I spy with my little eye … a demon with a glass hand. Must be First Friday.
RALEIGH —I was born 10 days ago. A full-grown man born 10 days ago. I woke on a street of this city. I don’t know who I am or where I’ve been. But I know where I’m going. To the North Carolina Museum of Natural Sciences to watch “The Outer Limits: Demon with the Glass Hand” on First Friday, December 7 at 7pm. Free.
Days ago Trent awoke with no memory of his past. Since then, sinister men have pursued him constantly. He manages to stay one step ahead of them by following the advice of ... his hand! Made of glass and capable of speech, Trent’s hand can answer many of his questions. But it cannot tell him who he is or why his enemies seek him until he finds his hand’s three missing fingers. The trouble is they’re in the grasp of his enemies. Will he recover his missing metacarpals? And when he finally talks to his completed hand, what will it tell him?
The bemused Trent is deftly played by Robert Culp, who starred with Bill Cosby as a pair of jet-setting secret agents in the iconic 1960s television series “I Spy.” This was the first U.S. prime-time network drama to feature an African-American actor in a starring role and the relationship between the two meshed perfectly on screen. Both were nominated for acting Emmys in all three of its seasons, with Cosby coming out the victor each time (hey, hey, hey). Culp also starred as Bob in the classic flower-power-era film “Bob & Carol & Ted & Alice” (1969) alongside Natalie Wood, Elliott Gould and Dyan Cannon. You may also have seen him play a secret agent in charge of protecting “The Greatest American Hero,” or even Ray Romano’s father-in-law in “Everybody Loves Raymond.”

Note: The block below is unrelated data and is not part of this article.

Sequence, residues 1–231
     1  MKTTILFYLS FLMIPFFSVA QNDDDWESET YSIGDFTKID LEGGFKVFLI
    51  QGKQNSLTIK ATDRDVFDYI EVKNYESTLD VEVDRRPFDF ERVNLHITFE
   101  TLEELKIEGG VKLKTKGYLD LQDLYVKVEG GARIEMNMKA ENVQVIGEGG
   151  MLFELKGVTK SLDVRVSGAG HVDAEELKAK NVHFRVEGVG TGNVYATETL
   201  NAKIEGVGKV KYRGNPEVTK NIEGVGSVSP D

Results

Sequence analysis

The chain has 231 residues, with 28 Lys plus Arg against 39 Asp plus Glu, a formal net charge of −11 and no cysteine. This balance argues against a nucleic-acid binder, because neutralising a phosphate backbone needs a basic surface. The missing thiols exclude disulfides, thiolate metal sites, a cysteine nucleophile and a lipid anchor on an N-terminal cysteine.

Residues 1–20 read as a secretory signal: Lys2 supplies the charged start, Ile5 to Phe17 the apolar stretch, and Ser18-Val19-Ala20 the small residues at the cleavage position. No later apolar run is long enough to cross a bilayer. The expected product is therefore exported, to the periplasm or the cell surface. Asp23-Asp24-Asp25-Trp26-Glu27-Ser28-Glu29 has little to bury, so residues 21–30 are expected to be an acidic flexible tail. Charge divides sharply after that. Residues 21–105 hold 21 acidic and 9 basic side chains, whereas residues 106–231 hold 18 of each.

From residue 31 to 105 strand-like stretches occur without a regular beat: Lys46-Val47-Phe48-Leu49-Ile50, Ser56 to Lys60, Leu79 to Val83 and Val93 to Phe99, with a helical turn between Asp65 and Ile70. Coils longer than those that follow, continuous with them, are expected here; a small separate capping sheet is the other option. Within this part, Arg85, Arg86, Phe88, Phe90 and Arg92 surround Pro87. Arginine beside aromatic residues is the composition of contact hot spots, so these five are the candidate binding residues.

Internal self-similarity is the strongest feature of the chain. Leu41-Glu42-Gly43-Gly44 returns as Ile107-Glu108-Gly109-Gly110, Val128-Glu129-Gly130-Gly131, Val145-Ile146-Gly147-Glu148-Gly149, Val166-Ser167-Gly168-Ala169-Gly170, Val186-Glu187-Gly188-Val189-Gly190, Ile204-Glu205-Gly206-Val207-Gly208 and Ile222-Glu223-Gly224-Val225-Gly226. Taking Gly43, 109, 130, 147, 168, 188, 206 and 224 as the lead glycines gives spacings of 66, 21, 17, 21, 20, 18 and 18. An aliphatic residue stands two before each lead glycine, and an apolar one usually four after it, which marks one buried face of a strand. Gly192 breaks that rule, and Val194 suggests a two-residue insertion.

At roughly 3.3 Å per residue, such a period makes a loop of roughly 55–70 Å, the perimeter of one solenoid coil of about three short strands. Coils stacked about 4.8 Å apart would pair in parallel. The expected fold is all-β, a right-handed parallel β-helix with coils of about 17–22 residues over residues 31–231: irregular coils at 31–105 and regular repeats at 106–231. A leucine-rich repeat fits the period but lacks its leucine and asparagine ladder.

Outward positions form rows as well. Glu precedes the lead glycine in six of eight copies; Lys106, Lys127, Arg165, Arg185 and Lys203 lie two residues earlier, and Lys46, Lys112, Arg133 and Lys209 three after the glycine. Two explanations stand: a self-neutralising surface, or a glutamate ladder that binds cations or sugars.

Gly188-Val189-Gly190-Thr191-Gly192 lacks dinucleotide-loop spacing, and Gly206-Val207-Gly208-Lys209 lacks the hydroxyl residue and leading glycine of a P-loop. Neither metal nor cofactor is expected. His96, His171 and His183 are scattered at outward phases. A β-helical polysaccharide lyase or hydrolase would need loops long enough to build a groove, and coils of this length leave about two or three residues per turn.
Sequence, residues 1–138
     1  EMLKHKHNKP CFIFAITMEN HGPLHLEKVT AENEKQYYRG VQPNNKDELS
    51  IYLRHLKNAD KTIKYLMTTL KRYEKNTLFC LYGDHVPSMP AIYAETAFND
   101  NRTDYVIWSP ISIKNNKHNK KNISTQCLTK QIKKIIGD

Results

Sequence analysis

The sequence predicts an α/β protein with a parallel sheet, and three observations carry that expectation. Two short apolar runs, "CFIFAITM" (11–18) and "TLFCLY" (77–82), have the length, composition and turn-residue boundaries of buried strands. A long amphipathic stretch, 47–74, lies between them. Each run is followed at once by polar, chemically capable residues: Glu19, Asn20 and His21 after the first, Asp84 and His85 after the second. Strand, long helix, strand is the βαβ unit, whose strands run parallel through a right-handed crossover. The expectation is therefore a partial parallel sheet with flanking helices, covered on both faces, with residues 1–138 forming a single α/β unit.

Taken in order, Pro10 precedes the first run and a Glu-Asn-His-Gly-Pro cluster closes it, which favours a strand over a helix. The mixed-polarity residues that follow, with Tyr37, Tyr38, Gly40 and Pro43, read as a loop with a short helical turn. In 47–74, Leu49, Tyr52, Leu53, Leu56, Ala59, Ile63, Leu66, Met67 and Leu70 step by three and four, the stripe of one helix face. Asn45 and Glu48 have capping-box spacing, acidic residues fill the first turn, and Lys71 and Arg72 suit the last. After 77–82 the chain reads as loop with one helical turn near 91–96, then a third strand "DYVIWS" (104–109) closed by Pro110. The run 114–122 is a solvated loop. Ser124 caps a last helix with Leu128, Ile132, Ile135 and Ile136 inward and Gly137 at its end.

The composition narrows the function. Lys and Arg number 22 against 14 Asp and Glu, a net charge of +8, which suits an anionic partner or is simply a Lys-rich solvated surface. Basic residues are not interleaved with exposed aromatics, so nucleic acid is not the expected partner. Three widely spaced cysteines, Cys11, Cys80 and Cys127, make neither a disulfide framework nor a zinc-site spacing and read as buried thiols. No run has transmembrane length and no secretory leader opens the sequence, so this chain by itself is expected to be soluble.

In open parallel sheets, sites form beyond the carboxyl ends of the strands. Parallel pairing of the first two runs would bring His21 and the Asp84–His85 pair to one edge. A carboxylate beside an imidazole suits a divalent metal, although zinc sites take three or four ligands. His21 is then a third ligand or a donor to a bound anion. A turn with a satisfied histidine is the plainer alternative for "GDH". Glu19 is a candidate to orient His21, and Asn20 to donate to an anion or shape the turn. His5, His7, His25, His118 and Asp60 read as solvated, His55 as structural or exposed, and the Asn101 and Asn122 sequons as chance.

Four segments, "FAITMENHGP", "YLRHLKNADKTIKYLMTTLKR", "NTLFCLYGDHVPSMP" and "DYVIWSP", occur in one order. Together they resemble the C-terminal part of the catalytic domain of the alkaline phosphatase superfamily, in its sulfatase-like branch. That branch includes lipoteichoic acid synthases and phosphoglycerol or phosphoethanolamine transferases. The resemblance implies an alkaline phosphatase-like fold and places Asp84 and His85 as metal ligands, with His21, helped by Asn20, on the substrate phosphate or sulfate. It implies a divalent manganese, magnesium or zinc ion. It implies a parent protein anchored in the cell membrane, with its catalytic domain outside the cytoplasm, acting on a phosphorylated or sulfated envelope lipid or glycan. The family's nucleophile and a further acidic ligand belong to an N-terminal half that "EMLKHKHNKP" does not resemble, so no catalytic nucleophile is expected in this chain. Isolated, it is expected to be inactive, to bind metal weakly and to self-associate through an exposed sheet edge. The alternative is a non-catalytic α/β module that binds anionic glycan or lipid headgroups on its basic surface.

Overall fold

Consuelo Biros, a woman Trent enlists to help him on his digit quest, is played by Arlene Martel, an actress well-known to “Star Trek” fans as Spock’s Vulcan bride T’Pring in the episode “Amok Time” (1967). She also appeared in multiple popular television shows of the 1960s and ‘70s ranging from “I Dream of Jeannie” and “My Favorite Martian” to “The Rockford Files” and “Battlestar Galactica” to a recurring role as Tiger on “Hogan’s Heroes.”
This episode, from Season 2 of the “Outer Limits” television series (1965), was written by prolific sci-fi/fantasy writer and former North Carolina nitroglycerine truck driver Harlan Ellison, and garnered him the first of his four Writer’s Guild award for best screenplay. He won another Writer’s Guild award (as well as a Hugo Award) for penning the original “Star Trek” episode “The City on the Edge of Forever” (1966). Ellison was also editor and anthologist for two ground-breaking science fiction anthologies, Dangerous Visions and Again, Dangerous Visions.
The Museum and the new Nature Research Center stay open from 5 to 9 pm on the First Friday of every month, inviting visitors to witness a (classic) sci-fi or horror movie, wander through eye-catching exhibits, or enjoy food and beverages at the Daily Planet Café. “Titanic: The Artifact Exhibition” is now open and First Friday visitors can see it at a discounted rate ($3 off adult tickets). Additionally, the Museum Stores offer after-hours shopping and an opening reception (6:30-8:30pm) for quilter Charlotte Ziebarth, whose show “Visions of Trees Dance in My Head” runs December 7–January 7 in the Nature Art Gallery. All exhibited art is for sale.